Fun MySQL fact of the day: really temporary files

Before finishing the last 2 Fun MySQL Facts Of The Day about sorting, we're going to take a quick detour on what I considered a really fun fact about filesort. Or, well, more specifically, about MySQL's handling of temporary files (of type IO_CACHE).

Yesterday, when I'd mentioned I had placed "some breakpoints in some non-obvious places" to help understand how filesort was working, the breakpoints where on real_open_cached_file in mysys/mf_cache.c (mysys/ in MySQL 8.0), which maps an IO_CACHE struct to an on-disk temporary file. For context, the filesort function creates 3 temporary files when sorting more than sort_buffer_size bytes worth of rows. If you step into real_open_cached_file, the next meaningful call is to mysql_file_create_temp to create a temporary file starting with MY in tmpdir (for example, /var/lib/mysql/tmp/MY3w3t0r). After this call, you can see the file on the disk by running ls or even tail it.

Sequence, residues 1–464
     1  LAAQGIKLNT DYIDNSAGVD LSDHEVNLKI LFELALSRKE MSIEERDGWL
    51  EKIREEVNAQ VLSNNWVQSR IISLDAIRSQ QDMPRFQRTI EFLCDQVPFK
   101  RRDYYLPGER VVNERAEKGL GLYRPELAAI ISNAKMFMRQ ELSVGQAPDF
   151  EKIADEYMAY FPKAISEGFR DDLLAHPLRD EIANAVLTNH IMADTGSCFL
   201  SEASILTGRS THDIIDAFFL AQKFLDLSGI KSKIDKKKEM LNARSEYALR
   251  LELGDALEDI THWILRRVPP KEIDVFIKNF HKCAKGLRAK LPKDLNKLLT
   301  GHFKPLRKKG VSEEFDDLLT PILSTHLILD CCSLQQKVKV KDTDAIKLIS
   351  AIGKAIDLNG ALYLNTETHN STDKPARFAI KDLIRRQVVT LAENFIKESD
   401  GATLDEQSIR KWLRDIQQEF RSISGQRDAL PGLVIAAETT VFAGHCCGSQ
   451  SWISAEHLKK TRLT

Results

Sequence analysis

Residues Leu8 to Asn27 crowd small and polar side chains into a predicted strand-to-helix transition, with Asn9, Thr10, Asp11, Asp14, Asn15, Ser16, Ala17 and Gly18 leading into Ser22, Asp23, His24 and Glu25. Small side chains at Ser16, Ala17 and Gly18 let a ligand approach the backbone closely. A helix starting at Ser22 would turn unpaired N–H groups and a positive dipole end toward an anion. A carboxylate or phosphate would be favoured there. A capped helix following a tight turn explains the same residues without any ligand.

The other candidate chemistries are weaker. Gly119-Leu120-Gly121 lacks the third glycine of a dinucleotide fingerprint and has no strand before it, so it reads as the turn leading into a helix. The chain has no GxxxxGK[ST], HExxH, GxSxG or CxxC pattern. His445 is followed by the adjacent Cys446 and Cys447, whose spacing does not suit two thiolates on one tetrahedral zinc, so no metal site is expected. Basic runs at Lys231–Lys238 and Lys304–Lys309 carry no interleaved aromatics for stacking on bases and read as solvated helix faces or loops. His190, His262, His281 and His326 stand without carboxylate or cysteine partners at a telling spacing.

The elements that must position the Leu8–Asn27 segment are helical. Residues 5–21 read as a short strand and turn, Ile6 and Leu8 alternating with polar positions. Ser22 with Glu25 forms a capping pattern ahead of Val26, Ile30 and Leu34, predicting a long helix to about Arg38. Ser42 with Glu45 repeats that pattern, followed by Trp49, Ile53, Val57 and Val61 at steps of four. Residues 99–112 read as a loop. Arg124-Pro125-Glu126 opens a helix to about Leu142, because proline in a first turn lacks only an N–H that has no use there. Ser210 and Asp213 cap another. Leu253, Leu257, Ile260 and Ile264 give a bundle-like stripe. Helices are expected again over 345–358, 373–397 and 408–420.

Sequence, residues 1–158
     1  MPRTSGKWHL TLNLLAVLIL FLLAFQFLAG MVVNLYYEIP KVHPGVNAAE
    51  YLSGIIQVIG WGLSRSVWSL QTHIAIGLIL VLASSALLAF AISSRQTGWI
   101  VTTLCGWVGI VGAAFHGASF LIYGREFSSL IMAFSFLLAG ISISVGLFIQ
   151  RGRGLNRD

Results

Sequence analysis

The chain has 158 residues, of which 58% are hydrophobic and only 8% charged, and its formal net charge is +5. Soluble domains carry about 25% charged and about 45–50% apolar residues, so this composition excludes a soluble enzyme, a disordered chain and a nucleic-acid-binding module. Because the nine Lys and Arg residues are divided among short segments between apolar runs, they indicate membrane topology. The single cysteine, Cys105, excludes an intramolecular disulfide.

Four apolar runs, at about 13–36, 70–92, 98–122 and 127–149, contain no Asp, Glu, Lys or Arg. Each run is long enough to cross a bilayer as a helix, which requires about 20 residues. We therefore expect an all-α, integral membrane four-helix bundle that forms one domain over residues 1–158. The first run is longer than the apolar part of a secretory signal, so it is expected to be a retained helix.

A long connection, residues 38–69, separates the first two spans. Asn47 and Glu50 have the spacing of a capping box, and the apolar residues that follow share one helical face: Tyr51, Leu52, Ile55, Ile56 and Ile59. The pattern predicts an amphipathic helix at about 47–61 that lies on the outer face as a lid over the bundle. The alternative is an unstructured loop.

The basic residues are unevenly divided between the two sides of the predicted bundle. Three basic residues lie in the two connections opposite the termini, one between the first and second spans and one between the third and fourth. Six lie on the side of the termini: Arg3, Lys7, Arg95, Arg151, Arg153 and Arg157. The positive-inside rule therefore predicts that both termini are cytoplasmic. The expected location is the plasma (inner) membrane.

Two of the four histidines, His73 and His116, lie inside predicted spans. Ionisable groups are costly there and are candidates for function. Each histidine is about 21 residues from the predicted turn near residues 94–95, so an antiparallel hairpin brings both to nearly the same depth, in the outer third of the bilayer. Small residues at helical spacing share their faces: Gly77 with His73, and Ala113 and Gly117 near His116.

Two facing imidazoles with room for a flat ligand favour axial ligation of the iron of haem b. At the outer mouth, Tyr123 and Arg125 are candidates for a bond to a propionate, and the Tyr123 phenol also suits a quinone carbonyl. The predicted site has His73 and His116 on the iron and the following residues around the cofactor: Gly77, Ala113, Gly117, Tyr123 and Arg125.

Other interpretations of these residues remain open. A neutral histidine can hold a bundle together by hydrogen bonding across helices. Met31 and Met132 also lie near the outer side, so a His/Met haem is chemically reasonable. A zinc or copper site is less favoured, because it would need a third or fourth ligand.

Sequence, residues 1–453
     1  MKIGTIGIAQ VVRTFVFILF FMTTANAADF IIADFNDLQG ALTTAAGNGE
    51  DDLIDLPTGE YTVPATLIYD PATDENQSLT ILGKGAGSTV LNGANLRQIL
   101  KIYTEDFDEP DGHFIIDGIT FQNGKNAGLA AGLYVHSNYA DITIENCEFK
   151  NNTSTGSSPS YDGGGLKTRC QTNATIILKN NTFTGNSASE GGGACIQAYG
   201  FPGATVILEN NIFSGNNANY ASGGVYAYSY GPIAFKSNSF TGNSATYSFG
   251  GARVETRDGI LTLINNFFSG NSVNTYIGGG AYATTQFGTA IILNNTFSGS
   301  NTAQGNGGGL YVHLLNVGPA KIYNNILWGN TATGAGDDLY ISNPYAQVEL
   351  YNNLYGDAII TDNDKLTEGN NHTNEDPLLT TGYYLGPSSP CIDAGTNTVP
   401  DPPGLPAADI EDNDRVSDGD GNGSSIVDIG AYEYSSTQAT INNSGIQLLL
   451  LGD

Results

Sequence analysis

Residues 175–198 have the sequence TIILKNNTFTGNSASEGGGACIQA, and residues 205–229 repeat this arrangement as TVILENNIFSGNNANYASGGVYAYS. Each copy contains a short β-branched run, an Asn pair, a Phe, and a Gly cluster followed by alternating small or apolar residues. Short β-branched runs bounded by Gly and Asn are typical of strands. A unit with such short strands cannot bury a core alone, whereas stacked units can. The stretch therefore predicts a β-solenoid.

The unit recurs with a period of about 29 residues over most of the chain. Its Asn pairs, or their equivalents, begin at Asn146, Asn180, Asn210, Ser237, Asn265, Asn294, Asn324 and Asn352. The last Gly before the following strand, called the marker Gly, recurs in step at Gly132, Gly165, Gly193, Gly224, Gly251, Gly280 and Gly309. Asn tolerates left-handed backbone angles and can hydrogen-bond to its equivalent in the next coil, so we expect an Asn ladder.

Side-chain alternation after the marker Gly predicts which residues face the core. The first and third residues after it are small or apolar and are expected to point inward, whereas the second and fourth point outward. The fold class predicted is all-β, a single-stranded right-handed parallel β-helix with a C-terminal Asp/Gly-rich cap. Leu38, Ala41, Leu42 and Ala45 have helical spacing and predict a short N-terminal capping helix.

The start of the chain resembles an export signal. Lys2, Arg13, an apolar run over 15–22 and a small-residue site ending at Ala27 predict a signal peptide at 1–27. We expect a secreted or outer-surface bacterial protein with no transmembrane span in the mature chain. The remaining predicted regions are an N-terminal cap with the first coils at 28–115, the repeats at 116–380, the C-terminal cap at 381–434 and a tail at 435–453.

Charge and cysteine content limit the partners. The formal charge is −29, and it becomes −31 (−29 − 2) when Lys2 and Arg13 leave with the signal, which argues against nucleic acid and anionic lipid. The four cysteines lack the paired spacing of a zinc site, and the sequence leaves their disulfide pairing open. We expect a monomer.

But then if you're not careful you may just continue execution like me, only to find out the temporary file vanishes immediately. It was there, and now it's not. Even though it should still be present. Even though it's still in use. But then again, it's not surprising at all when you notice that the next line of code after mysql_file_create_temp is cache_remove_open_tmp, which deletes the file while leaving the file descriptor open by using unlink(2).

This is pretty fun: MySQL is able to read/write the file using the file descriptor it has retained, but once the file descriptor is closed, the file ceases to exist at all. Why might you want this behaviour? Well, if MySQL crashes, for example, these temporary files don't need to be cleaned-up: they just become free space. All at the cost of me thinking I've lost my mind. Fun.